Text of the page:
DIY State Department Cable Decoder

US  State Department SealWant to investigate the cables Wikileaks has released? The National Security Archive has posted a guide to deciphering State Department Cables that should help you interpret the lingo.

How to Decipher a State Department Cable

November 29, 2010

by Nate Jones

This guide –originally written by Kristin Adair– might come in handy as you peruse the 251,287 Department of State cables recently released by wikileaks.

[As of today only 243 cables are available on the wikileaks site]


At the Archive, we have lots of practice reading declassified government documents. Since we will be using this space to share with you some documents from our trove of government releases, we thought it would be useful to give you some tips on what to look for in these documents. Several of our experienced analysts have created a series of “cheat sheets” for different types of agency records.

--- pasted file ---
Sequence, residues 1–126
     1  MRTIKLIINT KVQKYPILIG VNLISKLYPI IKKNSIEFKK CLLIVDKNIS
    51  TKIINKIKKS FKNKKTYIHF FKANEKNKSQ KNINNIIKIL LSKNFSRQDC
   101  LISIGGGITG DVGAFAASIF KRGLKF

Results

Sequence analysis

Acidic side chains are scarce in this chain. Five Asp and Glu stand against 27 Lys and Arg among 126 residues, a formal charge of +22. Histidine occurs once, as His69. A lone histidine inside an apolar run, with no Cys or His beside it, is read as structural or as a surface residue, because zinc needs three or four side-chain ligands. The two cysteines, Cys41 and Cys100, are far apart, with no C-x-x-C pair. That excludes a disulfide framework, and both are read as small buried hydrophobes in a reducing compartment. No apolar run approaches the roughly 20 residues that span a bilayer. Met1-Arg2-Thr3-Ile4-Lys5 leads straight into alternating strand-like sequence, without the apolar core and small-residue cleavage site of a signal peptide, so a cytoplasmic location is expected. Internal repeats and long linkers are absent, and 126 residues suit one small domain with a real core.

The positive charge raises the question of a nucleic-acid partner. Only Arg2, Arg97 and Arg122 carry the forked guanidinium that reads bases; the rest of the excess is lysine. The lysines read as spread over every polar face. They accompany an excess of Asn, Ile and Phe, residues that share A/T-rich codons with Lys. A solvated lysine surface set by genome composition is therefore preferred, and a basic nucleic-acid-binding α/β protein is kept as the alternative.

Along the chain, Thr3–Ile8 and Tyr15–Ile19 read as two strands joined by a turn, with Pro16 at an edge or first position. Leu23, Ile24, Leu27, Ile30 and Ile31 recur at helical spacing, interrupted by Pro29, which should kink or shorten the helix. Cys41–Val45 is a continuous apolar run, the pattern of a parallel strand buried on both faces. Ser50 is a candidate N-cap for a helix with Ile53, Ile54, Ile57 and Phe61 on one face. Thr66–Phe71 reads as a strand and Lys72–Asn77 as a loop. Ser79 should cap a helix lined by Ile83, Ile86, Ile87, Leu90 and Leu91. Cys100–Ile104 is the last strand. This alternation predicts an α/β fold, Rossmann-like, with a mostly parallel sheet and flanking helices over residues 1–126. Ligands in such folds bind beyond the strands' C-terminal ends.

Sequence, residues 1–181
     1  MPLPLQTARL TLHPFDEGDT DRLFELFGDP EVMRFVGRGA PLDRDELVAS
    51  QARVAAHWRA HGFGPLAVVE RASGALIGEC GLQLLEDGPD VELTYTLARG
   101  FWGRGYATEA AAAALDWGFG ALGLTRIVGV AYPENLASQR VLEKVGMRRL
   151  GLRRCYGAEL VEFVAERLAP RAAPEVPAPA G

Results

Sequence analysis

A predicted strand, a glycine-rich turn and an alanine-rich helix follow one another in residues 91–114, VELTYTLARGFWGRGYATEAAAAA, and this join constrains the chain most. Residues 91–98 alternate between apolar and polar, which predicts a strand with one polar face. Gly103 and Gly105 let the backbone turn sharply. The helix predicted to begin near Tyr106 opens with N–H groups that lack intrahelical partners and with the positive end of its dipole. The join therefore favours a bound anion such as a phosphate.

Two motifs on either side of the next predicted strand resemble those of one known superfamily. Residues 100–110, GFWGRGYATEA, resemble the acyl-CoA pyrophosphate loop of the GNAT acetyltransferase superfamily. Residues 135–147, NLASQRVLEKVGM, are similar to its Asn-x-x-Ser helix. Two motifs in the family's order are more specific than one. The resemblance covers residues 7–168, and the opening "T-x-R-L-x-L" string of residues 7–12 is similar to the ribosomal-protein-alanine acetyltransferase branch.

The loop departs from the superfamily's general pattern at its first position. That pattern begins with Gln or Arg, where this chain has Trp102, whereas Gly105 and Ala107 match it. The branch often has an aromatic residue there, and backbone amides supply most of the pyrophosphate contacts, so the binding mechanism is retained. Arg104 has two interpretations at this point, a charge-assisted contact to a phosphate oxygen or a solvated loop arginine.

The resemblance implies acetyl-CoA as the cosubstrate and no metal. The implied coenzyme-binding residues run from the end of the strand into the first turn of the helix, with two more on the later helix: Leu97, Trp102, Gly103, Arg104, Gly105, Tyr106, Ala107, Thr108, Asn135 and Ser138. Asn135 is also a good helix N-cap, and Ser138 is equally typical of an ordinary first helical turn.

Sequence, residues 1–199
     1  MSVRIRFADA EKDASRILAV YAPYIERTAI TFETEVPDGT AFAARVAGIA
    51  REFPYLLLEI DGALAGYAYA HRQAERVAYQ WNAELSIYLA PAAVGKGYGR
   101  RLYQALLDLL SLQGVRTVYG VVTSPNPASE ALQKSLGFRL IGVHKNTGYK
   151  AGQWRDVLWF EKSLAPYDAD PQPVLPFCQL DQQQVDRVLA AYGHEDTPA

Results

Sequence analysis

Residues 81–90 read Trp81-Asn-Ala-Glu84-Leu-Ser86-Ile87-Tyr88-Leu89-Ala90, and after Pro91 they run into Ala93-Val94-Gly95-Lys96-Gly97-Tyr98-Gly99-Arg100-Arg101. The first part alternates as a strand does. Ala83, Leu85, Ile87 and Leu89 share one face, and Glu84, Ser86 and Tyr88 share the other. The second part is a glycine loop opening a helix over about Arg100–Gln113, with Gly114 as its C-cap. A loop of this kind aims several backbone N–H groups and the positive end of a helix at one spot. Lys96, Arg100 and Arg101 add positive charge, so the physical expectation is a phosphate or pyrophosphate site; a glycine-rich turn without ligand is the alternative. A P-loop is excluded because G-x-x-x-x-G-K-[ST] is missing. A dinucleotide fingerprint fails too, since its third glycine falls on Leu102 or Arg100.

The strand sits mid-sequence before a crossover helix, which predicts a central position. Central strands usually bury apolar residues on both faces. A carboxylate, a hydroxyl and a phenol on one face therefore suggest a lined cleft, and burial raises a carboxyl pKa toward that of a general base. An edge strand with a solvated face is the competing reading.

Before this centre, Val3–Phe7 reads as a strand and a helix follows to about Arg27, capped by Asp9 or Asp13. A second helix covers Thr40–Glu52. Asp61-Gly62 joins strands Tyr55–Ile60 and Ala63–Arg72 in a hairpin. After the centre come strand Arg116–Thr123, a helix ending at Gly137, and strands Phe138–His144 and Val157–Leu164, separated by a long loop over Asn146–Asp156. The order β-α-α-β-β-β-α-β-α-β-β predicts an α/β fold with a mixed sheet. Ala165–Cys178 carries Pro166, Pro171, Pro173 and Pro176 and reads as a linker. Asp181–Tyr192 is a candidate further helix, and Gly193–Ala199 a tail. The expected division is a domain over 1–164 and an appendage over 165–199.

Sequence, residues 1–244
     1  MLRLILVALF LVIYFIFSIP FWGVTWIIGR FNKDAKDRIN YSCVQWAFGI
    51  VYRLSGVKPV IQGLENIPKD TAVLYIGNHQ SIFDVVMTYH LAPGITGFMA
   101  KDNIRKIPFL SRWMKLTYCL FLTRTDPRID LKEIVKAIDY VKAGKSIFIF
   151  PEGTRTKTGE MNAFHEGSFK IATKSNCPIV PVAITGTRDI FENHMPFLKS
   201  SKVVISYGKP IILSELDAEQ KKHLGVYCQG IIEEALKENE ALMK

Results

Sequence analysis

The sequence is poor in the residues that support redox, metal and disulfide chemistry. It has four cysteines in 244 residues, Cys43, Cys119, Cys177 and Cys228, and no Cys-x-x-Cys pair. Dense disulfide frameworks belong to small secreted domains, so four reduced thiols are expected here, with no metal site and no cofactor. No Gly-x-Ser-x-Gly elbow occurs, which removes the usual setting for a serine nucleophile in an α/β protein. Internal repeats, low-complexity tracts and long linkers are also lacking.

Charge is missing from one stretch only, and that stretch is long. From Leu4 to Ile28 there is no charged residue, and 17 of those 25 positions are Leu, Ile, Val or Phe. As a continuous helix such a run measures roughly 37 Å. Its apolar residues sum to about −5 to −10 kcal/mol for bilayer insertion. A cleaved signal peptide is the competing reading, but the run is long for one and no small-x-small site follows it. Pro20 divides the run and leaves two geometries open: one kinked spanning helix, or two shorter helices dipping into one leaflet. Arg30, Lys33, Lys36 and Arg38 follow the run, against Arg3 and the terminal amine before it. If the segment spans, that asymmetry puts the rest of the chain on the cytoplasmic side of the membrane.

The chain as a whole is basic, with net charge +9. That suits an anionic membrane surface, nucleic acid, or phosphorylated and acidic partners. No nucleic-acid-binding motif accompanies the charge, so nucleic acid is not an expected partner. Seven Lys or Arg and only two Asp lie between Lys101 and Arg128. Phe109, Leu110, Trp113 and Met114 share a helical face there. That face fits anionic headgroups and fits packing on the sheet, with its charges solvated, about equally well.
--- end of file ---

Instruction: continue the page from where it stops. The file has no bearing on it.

The State Department has an active declassification program, and we often get lots of documents in response to our FOIA requests to State. Most often, these documents come in the form of cables—communications sent between State Department headquarters in Washington and embassies around the world, or between different US government posts abroad.

FOIA tip:  You can file a FOIA request for State Department cable(s) from a particular day or time period surrounding an event that you are researching, to see what government officials knew when and how key decisions were made.

When you get those cables, here’s some advice on how to make sense of them.